American Academy Of Neurology (2001, May 8). Research Ties Vitamin B12 And Folate Deficiencies With Alzheimer’s Disease. ScienceDaily. Retrieved November 30, 2008, from http://www.sciencedaily.com /releases/2001/05/010508083559.htm
Benton, D. (1992). Vitamin-mineral supplements and intelligence. Proceedings of the Nutrition Society, 51, 295-302.
Benton, D. (2001). The impact of the supply of glucose to the brain on mood and memory. Nutrition Reviews, 59, S20-S21.
Benton, D. (2007). The impact of diet on anti-social behaviour. Neuroscience and Biobehavioural Review, 31, 752-774.
Benton, D. & Roberts, G. (1988). Effect of vitamin and mineral supplementation on intelligence of a sample of schoolchildren. Lancet, 140-143.
Benton, D. & Owens, D. (1993). Is raised blood glucose associated with relief of tension? Journal of Psychosomatic Research, 37, 723-735.
Botez, M. I., Fountaine, F., Botez, T, & Bachevalier, J. (1977). Folate-responsive neurological and mental disorders: report of 16 cases. European Neurology, 16(1-6), 230-246.
Botez, M. I., Botez, T., & Maag, U. (1984). The Wechsler subtests in mild organic brain damage associated with folate deficiency. Psychological Medicine, 14(2), 431-437.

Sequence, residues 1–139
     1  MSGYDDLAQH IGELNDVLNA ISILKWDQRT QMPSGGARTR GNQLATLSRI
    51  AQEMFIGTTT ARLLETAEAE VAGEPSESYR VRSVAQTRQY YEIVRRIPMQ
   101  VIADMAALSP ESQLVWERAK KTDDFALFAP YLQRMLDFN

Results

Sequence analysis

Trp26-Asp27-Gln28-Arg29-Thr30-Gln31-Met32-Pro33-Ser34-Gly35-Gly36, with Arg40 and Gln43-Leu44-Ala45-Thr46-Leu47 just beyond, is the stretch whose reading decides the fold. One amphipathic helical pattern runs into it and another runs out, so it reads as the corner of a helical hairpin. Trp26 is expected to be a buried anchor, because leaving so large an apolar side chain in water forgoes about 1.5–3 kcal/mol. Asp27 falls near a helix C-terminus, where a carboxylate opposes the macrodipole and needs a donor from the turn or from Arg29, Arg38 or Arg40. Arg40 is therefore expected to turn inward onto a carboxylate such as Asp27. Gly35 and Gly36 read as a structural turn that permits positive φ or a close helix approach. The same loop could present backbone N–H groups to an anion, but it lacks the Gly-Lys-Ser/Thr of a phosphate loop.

Carney, M. W. P., & Sheffield, M. T. (1978). Serum folic acid and B12 in 272 psychiatric inpatients. Psychological Medicine, 8, 139-144.
Deijen, J. B., Van der Beek, E. J., Orlebeke, J. F., & Van der Berg, H. (1992). Vitamin B6 supplementation in elderly men: effects on mood, memory, performance and mental effort. Psychofarmacology, 109, 489-496.
Escobar, A., Aruffo, C., & Rodriguez-Carbajal, J. (1983). Wernicke’s Encephalopathy. A case report with neuropsychologic and CT scan studies. Acta Vitaminoogica etl Enzimologica, 5, 125-131.
Isaacs, E. B., Gadian, D. G, Sabatini, S. et al. (2008). The effect of human diet on caudate volumes and IQ. Pediatric Research, 63, 308-314.
Lapp, J. E. (1981). Effects of glycaemic alterations and noun imagery on the learning of paired associates’. Journal of Learning Disorders, 14, 35-38.
Lariaux, S. M., Deijen, J. B., Orlebeke, J. F, & De Sward, J. H. (1985). The effects of nicotinic acid and xanthinol nicotinate on human memory in different categories of age. Psychofarmacology, 87, 390-395.
Martin, P. Y. & Benton, D. (1999). The influence of a glucose drink on a demanding working memory task. Physiology and Behaviour, 67, 69-74.
Martino, O. I. & Morris, N. (2003). Drinking glucose improves mood at the beginning of the working day. In P. McCabe (Ed.), Contemporary Ergonomics 2003 (pp. 226-231). London: Taylor & Francis.
McMurray, D. N. (1984). Cell mediated immunity in nutritional deficiency. Progress in Food & Nutrition Science, 8, 193-228.
Richardson, A. J. (2006). Omega-3 fatty acids in ADHD and related neurodevelopmental disorders. International Review of Psychiatry, 18, 155-172.
Suboticanes-Buzina, K., Buzina, R., Brubacher, G., Sapunar, J., & Christeller, S. Vitamin C status and physical working capacity in adolescents. International journal for vitamin and nutrition research, 54, 55-60.